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|Title: ||Impact Velocity, Almen Strip Curvature and Residual Stress Modelling in Vibratory Finishing|
|Authors: ||Ciampini, David|
|Advisor: ||Spelt, Jan K.|
|Department: ||Mechanical and Industrial Engineering|
|Keywords: ||Vibratory Finishing|
|Issue Date: ||30-Jul-2008|
|Abstract: ||The surface-normal impact velocity distributions, impact frequencies and impact power per unit area were measured using a force sensor in a vibratory finisher for two types of spherical media. These parameters control the degree, rate and character of plastic deformation of a workpiece surface in vibratory finishing. The force sensor was also used to quantify the effect of media type, finisher amplitude, and location within the finisher on the probability distribution of the particle impact velocity normal to the workpiece. It was found that reducing the total media mass in the finisher and moving closer to the wall resulted in a more aggressive process. It was also found that contacts occured periodically within time periods that corresponded to the finisher’s driving frequency.
The Almen system was adapted to a vibratory finishing process to characterize the effect of varying process parameters for the purposes of process development and control. Saturation curves for two types of aluminum Almen strips were obtained by finishing at two distinct conditions. Comparison with the normal contact forces and effective impact velocities, measured for both these conditions, provided insight into the mechanics of the vibratory finishing process. An electromagnetic apparatus was constructed to simulate the normal impacts in the vibratory finisher. It was found that surface-normal impacts at velocities comparable to the higher range in the vibratory finisher produced Almen saturation curves similar to those created in the vibratory finisher. This provided support for the modeling approximation of treating all contact events in a vibratory finisher as effective surface-normal impacts, and the accuracy of the effective impact velocity measurement.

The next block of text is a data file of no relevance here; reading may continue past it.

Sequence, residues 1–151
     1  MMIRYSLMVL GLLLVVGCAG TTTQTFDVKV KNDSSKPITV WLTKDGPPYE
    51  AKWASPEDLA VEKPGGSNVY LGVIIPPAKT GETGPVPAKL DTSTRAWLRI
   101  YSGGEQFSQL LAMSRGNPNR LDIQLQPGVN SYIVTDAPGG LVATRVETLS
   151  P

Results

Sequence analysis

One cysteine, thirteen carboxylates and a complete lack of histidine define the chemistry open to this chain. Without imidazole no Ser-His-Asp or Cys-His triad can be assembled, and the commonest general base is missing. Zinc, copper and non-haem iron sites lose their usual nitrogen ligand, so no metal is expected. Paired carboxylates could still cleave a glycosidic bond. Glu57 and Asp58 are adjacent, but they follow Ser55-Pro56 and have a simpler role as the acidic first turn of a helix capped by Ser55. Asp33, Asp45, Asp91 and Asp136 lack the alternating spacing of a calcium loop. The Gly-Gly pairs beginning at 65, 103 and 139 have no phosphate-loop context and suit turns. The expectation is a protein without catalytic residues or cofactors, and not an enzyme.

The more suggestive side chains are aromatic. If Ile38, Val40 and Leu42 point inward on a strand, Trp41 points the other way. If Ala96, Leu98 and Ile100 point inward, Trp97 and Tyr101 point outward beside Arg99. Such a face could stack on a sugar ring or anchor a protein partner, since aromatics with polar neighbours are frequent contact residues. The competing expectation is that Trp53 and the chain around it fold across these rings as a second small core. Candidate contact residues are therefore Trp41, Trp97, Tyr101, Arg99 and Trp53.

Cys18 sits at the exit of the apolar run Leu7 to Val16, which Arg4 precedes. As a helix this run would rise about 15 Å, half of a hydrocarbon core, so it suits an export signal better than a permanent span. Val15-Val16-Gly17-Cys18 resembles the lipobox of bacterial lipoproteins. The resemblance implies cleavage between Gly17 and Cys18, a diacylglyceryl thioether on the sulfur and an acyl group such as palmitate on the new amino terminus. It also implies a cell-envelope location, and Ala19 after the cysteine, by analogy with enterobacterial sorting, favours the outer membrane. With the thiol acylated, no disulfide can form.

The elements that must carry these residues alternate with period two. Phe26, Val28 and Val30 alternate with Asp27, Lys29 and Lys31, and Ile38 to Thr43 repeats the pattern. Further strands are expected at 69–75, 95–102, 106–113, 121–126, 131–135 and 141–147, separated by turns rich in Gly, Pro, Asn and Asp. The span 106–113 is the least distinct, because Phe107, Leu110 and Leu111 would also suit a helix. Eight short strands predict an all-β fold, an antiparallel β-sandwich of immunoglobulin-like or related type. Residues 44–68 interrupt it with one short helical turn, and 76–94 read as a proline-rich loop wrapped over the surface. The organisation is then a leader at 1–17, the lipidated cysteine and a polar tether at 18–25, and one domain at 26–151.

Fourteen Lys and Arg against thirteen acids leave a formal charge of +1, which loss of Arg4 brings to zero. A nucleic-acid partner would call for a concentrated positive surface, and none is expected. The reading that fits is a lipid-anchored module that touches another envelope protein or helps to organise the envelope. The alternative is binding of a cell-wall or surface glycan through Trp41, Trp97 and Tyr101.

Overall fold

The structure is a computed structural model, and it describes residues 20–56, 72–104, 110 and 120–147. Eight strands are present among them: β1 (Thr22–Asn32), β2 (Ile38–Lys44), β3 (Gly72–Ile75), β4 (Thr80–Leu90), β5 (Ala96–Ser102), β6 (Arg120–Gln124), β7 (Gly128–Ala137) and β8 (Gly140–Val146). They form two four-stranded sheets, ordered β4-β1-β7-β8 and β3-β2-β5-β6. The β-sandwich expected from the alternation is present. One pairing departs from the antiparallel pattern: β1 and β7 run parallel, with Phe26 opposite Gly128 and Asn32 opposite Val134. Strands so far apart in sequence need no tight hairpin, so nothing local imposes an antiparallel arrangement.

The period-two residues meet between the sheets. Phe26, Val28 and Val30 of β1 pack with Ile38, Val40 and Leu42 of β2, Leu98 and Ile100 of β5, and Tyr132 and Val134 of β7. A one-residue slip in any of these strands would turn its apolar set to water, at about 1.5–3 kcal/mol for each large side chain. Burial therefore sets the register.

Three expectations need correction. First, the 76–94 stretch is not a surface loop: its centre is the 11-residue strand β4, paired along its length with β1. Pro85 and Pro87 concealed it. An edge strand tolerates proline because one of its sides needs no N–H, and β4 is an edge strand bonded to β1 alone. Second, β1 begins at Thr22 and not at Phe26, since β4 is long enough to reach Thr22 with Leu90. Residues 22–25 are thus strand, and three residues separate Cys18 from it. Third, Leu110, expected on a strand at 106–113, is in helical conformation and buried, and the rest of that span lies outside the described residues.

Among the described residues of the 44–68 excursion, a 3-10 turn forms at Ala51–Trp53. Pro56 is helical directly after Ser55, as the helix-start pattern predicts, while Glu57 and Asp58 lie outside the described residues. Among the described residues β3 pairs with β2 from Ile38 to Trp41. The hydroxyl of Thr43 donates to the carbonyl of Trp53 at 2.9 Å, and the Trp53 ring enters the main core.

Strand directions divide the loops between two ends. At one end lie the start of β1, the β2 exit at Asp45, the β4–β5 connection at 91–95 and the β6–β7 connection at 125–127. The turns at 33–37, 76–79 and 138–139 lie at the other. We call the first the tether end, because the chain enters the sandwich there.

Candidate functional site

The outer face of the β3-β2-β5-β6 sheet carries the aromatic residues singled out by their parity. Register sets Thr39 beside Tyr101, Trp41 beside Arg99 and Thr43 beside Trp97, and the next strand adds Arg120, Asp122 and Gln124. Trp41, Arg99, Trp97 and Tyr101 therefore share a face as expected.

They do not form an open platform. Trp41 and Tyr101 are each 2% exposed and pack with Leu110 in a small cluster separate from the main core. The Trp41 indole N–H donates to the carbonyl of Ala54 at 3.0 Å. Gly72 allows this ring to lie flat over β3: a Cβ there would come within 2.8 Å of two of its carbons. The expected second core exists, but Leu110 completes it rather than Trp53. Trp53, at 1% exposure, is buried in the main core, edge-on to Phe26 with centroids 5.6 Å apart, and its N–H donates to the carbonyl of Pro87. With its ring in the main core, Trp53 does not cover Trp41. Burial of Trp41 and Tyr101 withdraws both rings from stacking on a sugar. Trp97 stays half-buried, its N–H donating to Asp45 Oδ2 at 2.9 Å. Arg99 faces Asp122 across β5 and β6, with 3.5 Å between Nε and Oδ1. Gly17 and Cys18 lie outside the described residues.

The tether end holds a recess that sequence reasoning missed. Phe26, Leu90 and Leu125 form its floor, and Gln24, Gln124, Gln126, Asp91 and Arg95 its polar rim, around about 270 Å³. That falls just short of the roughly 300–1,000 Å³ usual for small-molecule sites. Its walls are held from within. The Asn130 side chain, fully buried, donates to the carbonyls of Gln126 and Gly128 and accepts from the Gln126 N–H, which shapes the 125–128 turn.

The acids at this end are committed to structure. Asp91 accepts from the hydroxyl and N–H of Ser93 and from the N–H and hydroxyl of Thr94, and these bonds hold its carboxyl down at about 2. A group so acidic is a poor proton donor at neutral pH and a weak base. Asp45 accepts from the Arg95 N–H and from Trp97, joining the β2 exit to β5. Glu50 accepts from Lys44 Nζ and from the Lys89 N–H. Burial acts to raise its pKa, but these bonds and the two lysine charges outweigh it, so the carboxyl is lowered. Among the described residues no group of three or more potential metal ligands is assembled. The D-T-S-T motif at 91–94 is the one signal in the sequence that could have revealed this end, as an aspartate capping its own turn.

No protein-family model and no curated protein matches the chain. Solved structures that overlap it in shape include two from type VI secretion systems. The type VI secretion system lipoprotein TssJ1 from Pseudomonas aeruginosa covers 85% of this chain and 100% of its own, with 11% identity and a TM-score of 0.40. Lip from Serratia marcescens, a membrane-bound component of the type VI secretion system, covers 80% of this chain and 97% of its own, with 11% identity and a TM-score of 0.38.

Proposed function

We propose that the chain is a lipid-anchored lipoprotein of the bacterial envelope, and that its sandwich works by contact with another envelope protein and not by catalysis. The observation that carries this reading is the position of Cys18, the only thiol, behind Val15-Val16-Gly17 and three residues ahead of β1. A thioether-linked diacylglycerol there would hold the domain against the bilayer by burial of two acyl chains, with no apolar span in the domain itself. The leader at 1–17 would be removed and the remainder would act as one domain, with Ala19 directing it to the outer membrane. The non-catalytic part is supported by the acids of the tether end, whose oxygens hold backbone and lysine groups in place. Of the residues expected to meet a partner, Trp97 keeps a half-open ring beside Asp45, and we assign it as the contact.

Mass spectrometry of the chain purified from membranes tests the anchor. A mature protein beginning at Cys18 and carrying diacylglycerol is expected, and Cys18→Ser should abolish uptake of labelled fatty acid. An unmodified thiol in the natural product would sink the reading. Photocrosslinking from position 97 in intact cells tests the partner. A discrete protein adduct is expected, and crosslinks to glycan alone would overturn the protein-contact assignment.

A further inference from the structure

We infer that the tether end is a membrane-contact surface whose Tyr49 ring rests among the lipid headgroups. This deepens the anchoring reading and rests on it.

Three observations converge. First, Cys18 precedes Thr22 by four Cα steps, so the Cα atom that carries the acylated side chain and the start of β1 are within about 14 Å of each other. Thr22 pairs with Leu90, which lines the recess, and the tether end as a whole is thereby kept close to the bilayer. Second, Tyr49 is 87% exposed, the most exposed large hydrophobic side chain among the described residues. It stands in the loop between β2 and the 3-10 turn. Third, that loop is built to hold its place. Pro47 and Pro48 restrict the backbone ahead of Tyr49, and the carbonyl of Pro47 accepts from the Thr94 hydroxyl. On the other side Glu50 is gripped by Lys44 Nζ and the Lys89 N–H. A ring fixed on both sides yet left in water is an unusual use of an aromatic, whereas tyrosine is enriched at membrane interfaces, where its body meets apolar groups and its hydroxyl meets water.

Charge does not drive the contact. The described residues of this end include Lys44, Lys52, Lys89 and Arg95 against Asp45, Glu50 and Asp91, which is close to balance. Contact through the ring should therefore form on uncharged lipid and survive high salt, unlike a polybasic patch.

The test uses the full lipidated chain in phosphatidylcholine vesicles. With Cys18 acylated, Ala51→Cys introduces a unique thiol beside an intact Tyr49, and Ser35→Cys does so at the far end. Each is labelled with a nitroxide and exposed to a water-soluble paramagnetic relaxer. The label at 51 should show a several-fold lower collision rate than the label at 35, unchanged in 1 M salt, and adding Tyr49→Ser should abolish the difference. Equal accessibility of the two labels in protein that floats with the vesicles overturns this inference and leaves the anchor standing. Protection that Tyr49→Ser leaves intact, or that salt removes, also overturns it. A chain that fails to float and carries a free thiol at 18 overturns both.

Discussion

A model of the process by which Almen strips were plastically deformed by media impacts in vibratory finishing was presented. The motivation was to extend the use of Almen strip measurements as a means of characterizing vibratory finishing through an improved understanding of the process parameters that controlled time-dependent curvature development. Two thicknesses of Almen strip were tested for two finishing conditions. The quantitative agreement between the model saturation curves and the experimental curves was fair, although the overall trends were predicted very well.|
|Appears in Collections:||Doctoral|
Department of Mechanical & Industrial Engineering - Doctoral theses
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